The UK’s proposed network of 4G-connected smart meters without line links amounts to a whole new, highly critical infrastructure; needing equally critical test procedures. Marc Meulensteen, Business Development Manager with Sprirent Communications, expands in this article from ES Design magazine.
The DECC (Department of Energy and Climate Change) has just invited bids to run the UK’s biggest ever network project. It will connect some 53 million smart meters in order to monitor and control the delivery of electricity, water, gas — and potentially other services — to around 30 million homes and businesses across the nation. The target completion date for this £11.5bn project is 2019.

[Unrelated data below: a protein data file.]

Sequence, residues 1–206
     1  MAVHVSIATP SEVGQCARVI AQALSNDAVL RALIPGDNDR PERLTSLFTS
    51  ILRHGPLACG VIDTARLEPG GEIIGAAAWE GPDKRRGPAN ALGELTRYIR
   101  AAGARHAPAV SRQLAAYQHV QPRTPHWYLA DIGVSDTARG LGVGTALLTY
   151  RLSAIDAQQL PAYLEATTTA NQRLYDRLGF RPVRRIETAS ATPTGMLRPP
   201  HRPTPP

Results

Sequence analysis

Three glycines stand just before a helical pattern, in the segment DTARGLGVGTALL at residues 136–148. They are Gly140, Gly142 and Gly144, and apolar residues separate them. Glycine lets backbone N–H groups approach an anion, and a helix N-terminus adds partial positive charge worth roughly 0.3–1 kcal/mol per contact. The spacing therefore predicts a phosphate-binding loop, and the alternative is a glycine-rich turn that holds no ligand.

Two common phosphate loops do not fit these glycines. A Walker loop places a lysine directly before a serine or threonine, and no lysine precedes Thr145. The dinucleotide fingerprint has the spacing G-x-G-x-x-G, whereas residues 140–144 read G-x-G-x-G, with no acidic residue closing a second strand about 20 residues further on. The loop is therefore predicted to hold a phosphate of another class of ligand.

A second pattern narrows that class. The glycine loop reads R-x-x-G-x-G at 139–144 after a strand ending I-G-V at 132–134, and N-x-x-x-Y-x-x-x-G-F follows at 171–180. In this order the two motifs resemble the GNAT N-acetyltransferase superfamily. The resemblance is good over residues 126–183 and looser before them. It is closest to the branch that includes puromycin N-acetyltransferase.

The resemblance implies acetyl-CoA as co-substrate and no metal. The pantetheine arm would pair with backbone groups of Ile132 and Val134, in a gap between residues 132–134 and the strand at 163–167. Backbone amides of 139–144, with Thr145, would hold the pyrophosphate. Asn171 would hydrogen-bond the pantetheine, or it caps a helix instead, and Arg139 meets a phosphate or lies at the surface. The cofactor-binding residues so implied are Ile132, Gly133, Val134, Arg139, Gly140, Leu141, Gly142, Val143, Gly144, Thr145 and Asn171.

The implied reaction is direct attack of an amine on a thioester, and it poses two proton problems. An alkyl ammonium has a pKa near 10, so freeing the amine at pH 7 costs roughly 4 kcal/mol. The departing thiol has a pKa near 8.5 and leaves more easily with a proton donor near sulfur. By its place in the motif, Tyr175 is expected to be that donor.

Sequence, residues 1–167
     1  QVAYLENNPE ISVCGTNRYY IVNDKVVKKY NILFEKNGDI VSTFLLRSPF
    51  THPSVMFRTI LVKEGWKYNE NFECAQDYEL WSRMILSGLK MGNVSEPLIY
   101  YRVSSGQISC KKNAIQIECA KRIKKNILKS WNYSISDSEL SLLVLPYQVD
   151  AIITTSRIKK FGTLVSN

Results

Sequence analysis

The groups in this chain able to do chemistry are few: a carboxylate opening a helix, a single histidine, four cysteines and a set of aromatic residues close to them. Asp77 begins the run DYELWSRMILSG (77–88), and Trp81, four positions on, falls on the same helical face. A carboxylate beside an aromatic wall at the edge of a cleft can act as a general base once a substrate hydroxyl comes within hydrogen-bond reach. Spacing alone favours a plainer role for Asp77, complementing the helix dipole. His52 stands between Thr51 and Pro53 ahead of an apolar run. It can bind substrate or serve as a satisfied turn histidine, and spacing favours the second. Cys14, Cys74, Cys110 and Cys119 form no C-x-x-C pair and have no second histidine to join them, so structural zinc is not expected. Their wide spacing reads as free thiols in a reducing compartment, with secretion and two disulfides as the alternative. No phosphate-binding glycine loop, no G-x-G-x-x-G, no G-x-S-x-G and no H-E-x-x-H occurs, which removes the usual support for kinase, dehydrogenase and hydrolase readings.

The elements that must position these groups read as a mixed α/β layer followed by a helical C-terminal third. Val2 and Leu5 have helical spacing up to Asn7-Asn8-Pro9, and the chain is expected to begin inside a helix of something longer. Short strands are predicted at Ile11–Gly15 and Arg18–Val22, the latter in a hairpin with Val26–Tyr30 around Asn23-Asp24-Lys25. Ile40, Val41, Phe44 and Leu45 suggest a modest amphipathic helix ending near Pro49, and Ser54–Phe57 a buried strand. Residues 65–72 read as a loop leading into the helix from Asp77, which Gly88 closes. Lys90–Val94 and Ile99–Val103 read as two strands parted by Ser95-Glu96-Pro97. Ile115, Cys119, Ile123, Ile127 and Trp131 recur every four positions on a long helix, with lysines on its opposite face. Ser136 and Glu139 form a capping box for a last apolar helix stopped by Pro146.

The idea of a smart grid for utilities has been around for a while; it allows replacing teams of meter readers and field engineers with a network that feeds back readings from field equipment to a central controller and also reports on faults, or even allows some control of the supply itself. In the USA, for example, there is the suggestion that the power supplier should be able to selectively switch off major energy-consuming systems such as air conditioning in order to reduce load and protect the regional power supply against failure. The move to ‘green energy’ makes it all the more important to respond quickly to changing consumer demand and faults: a smart grid does that and allows greater efficiency too.